It doesn’t matter whether you’re an experienced horse owner or a first-time buyer, a pre-purchase vet exam always makes sense when you’re in the market to buy one. However, most people are unsure about the price of this exam and whether it’s worth it or not. Here’s how much a pre-purchase vet exam costs.
On average, a pre-purchase vet exam costs $200-500. Sometimes, the vet may suggest a few extra tests, which can increase the price manifold. However, it’s highly recommended not to avoid these tests since they can save you thousand of dollars down the road.
However, how much you’ll actually end up paying will depend on many factors that can inflate the price to thousands of dollars. Keep on reading for a detailed breakdown of the various factors that affect the exam cost.
What Does a Vet do in a Pre-Purchase Exam?
You now understand why doing a pre-purchase examination is critical, and you have all of the necessary pieces in place. So, what’s next? Here’s a rundown of the procedures a vet will follow throughout a routine pre-purchase examination.
Review of the past
Your veterinarian should want to look through the horse’s health files and read on its regular vet checkups. At this point, the vet is looking for any unresolved ailments from the past, any medications that the horse is or should currently be taking along with details on its vaccinations. If the horse is unvaccinated, then you should expect to pay around $100 for all core vaccines. We’ve added details on horse vaccination costs in this article.
Basic health examination
Hearing the horse’s heart and lungs, inspecting its eyesight, mouth, jaws, and body, and taking its temperature are all part of this process. The veterinarian will visually inspect the horse’s stomach and limbs for signs of disability or soreness.
The vet may utilize foot tests in addition to a visual assessment of the soles and shoeing to look for hypersensitivity or a response that might suggest bruises, heel discomfort, or infection. Your veterinarian will also examine the horse’s general shape and bodily health, as well as any past wounds or diseases.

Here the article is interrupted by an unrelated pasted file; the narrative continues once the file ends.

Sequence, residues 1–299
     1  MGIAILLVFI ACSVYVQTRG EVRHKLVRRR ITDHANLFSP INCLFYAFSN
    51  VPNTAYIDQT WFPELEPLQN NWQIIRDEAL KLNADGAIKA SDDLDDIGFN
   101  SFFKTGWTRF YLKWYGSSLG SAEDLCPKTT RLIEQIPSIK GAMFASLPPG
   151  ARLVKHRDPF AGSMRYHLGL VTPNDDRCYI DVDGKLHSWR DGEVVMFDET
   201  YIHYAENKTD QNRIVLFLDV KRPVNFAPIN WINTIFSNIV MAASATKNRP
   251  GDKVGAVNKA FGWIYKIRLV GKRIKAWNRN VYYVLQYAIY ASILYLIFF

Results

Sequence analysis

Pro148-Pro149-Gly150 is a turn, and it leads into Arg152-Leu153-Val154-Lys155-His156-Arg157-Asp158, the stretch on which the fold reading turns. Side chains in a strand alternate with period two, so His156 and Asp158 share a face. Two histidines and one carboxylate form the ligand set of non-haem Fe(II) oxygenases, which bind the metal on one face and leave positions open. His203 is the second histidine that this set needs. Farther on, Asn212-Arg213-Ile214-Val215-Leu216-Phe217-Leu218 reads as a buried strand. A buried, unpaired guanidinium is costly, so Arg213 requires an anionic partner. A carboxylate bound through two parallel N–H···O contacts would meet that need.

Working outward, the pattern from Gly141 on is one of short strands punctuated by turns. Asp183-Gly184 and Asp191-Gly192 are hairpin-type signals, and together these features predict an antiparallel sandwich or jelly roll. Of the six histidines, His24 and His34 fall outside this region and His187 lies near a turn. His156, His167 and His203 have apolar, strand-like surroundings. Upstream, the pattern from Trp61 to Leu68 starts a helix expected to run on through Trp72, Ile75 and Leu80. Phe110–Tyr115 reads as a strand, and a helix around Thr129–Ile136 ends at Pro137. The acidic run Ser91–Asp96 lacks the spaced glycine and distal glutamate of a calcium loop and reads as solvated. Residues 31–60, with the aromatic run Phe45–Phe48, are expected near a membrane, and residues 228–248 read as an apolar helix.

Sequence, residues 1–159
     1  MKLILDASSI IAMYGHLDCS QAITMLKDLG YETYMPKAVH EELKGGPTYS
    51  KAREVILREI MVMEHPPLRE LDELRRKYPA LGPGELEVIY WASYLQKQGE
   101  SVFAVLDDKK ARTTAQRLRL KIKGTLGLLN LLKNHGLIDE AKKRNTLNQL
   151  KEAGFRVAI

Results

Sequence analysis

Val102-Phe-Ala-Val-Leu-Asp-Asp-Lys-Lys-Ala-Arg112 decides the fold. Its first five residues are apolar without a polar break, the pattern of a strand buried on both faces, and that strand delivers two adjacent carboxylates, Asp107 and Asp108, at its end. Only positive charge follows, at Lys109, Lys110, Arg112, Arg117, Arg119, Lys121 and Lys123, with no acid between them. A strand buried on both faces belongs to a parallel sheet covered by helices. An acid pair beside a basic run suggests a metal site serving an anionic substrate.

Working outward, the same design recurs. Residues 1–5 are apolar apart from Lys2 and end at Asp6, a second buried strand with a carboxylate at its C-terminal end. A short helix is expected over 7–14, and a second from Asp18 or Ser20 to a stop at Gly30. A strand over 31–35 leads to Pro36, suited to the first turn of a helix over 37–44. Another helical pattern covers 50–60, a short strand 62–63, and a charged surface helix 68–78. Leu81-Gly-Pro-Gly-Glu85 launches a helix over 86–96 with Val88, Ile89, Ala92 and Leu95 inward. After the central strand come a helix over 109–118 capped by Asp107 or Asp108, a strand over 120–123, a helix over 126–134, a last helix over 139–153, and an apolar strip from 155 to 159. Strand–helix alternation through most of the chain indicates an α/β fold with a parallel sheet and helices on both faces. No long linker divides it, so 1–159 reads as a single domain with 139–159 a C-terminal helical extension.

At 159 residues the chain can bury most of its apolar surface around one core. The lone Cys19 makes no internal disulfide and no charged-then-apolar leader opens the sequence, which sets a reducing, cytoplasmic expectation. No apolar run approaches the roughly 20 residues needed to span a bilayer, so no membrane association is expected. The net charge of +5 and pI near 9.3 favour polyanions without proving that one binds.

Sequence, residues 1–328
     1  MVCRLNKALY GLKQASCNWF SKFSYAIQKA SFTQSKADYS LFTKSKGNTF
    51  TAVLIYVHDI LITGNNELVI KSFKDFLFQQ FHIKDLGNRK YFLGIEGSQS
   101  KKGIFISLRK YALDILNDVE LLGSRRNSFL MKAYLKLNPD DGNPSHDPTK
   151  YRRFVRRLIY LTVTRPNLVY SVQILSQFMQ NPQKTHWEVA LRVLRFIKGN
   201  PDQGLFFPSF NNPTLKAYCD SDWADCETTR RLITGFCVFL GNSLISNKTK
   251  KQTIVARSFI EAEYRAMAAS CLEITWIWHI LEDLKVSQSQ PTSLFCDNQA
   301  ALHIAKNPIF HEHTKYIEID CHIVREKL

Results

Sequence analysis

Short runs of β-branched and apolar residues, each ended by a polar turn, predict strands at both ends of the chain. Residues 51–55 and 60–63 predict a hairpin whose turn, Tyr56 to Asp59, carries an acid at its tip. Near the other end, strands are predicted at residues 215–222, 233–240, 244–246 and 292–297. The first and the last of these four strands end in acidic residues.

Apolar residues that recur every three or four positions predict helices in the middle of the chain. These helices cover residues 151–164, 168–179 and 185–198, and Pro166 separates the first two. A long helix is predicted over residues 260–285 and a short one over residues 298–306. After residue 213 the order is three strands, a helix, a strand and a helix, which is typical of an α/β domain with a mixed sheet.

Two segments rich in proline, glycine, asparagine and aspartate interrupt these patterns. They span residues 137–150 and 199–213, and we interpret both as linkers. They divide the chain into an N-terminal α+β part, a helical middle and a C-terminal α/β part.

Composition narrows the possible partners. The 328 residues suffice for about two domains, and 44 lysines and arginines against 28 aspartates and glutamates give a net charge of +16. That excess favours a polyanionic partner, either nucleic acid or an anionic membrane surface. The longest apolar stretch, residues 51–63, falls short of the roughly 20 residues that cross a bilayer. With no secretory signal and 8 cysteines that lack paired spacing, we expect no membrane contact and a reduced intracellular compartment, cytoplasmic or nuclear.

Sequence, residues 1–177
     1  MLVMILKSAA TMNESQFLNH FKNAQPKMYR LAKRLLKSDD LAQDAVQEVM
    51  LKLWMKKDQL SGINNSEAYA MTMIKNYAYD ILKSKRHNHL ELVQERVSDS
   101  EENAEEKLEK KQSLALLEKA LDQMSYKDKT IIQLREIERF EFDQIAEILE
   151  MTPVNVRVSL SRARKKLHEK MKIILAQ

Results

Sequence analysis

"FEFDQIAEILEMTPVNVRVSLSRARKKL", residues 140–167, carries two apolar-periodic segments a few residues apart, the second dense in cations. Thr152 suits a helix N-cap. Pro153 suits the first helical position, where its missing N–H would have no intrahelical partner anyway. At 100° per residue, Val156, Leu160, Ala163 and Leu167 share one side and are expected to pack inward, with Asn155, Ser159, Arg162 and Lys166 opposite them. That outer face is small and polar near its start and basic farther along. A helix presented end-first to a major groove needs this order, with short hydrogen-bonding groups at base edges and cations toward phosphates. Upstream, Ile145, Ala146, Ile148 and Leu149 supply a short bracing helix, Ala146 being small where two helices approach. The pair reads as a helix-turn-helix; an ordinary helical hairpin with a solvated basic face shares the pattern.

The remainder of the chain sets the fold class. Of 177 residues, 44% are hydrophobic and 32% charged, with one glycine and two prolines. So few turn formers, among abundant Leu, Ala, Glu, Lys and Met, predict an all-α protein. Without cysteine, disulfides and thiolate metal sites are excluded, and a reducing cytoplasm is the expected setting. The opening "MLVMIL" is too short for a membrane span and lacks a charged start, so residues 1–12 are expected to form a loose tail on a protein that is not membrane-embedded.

Basic neurological examination
The horse’s senses, responsiveness to stimulation, sense of stability, and coordination will all be tested by your veterinarian. The vet will also look for spasms, trouble in eating or ingesting, and other indicators of possible nervous-system problems, such as aberrant posture and movement.
The veterinarian will bend several joints like the knee and fetlock. Then, hold them in place for longer than 30 seconds to examine each of the horse’s legs. The horse is then allowed to trot away whilst the vet looks for symptoms of lameness.
The value of this lengthy soundness test is debatable, as findings might vary based on factors such as how a veterinarian administers stress towards the joint. Take flexion observations with a grain of salt and weigh them against the rest of the test’s observations.
Evaluation of Motion
This stage includes numerous parts and is yet another soundness check.
Your veterinarian will look for evident indicators of lameness, abnormalities or shortening in strides or body movement, and irregularities in limb action or footfalls, among other things. Following the activity, your veterinarian should examine the horse’s heart and lungs. In the case of a riding horse, veterinarians advise keeping an eye on the horse while he is in the saddle.
Is a Pre-Purchase Vet Exam Worth the Cost?
The cost of your horse is not the only main investment. It is the least important aspect. There is a lot more to consider when it comes to purchasing a horse, especially the pre-purchase exams. They are surely costly, but they are done merely for your benefit!